UC Davis: Cops Pepper Spray Passive Resisters; On Heroism, Ahimsa, and Lessons Learned

This now-infamous video from UC Davis says more about where we stand right now in terms of the chasm between the powerful and the powerless. At first, it looks like the cop could be watering his lawn; then the impact of what he’s doing begins to catch up to him, right there on camera. It’s truly an amazing moment.

These protesters are heroes in the same way that Gandhi’s army of passive warriors proved to be stronger than the entire British empire. They allowed themselves to be clubbed to death by soldiers on horseback. Today, the weaponry may be different but pepper spray remains a weapon (if you’ve ever been exposed to it, you can attest to that) and those students were victims, not violators. Victims of others’ obvious, entrenched greed.

And how do they react to this assault? They sit. They don’t move, they don’t crawl away as they’d have the perfect right to do. They’ve been blinded, after all. I wouldn’t blame them for a second. But they stay where they are. That, friends, is ahimsa, non-action.

And now you see it still works marvelously well. Violence is a weak cousin by comparison. There are only two responses to this type of non-violent protest: violence (which always—always—reveals oppressors and oppression for what it all really is: the idea some people have that their needs weigh more than those of the rest of the world), or negotiation. Either way, non-violence wins.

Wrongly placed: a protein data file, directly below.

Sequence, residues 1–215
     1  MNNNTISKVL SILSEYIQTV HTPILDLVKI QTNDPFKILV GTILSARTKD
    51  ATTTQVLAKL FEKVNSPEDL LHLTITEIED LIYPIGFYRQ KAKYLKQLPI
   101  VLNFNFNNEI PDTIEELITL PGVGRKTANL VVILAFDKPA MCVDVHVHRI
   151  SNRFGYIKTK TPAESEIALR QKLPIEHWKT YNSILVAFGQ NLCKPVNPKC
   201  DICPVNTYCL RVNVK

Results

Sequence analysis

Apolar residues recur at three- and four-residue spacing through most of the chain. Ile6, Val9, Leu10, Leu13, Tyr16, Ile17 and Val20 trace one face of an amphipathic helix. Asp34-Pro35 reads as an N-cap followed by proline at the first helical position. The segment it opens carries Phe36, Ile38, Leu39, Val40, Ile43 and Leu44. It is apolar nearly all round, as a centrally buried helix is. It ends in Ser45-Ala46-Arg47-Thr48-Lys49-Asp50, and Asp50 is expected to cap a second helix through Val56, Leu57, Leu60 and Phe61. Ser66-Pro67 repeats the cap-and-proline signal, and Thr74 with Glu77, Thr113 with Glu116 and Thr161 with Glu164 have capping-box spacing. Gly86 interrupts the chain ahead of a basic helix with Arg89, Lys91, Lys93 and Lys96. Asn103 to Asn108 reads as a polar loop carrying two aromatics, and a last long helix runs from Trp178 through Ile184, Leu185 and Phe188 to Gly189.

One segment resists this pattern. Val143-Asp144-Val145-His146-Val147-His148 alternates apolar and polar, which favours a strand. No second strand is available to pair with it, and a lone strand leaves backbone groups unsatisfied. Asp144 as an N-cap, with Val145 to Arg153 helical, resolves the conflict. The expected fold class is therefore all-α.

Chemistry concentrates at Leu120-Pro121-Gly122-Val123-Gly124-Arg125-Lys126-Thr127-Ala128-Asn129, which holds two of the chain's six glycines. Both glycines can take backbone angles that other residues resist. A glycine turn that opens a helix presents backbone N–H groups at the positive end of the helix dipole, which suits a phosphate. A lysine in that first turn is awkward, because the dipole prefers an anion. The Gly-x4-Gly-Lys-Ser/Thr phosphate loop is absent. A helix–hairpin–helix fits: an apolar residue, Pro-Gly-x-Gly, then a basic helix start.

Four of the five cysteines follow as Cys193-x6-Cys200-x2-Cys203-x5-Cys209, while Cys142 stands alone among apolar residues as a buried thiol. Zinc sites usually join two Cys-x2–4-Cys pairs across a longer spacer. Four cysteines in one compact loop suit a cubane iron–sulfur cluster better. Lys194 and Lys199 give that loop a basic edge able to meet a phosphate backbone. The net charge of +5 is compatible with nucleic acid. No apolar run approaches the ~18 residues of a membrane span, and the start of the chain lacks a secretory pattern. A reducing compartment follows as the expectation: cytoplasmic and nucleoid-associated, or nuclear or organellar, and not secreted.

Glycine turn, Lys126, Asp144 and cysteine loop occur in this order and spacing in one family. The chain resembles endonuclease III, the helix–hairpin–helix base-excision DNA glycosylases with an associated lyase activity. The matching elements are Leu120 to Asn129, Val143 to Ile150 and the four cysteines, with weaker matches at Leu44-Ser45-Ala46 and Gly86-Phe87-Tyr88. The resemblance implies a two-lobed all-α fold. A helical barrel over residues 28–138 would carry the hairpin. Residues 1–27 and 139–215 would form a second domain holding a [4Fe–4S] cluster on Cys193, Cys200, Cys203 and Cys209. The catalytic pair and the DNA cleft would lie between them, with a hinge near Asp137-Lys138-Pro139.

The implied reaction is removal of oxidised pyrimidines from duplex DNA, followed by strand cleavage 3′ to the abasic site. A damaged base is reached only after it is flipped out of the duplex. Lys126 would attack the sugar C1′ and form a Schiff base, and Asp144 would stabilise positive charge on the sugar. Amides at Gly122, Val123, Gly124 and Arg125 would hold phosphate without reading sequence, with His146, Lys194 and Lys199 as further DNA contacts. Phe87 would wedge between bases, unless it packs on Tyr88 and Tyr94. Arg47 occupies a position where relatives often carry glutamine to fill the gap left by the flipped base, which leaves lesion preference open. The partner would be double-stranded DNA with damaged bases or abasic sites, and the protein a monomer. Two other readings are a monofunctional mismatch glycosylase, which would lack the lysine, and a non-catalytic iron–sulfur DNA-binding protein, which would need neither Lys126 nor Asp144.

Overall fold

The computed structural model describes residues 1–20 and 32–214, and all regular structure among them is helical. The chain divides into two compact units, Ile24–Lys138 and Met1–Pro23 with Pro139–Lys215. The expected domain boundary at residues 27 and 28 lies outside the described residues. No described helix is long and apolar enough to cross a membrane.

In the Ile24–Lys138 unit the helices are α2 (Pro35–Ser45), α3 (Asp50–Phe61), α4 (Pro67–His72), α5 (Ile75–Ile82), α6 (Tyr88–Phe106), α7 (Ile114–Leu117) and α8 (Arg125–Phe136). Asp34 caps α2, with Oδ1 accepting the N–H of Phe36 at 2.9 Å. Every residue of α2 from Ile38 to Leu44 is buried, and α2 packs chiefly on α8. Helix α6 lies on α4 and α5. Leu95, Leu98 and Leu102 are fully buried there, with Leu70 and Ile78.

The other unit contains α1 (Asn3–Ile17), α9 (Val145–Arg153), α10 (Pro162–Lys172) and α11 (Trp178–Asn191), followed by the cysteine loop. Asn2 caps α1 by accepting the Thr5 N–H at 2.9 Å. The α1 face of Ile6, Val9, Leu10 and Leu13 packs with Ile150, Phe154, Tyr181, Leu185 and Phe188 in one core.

Of course, powerful and moneyed people hate this fact. This, I think, is one of the reasons the Tea Party exists. People like Dick Armey (bwah) realized they had a ready-made “people’s militia” in the TP’ers, who’d even obligingly dress up in full military colors of two-hundred plus years ago. The problem is, however, the TP is militarist at its core. Violence is so deeply entrenched in its rhetoric, with its “2nd-Amendment solutions” and “I came unarmed—this time” nonsense that the rest of the nation, and to be sure the rest of the world, saw it for what it is—animal bloodthirst.

The TP is a hungry dog led about by a cruel master. I suggest the master is our problem, not the dog. It’s time to starve the master for a change.

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About johnwylam1957

I'm a poet and teacher now living in Toronto, Ontario, Canada.
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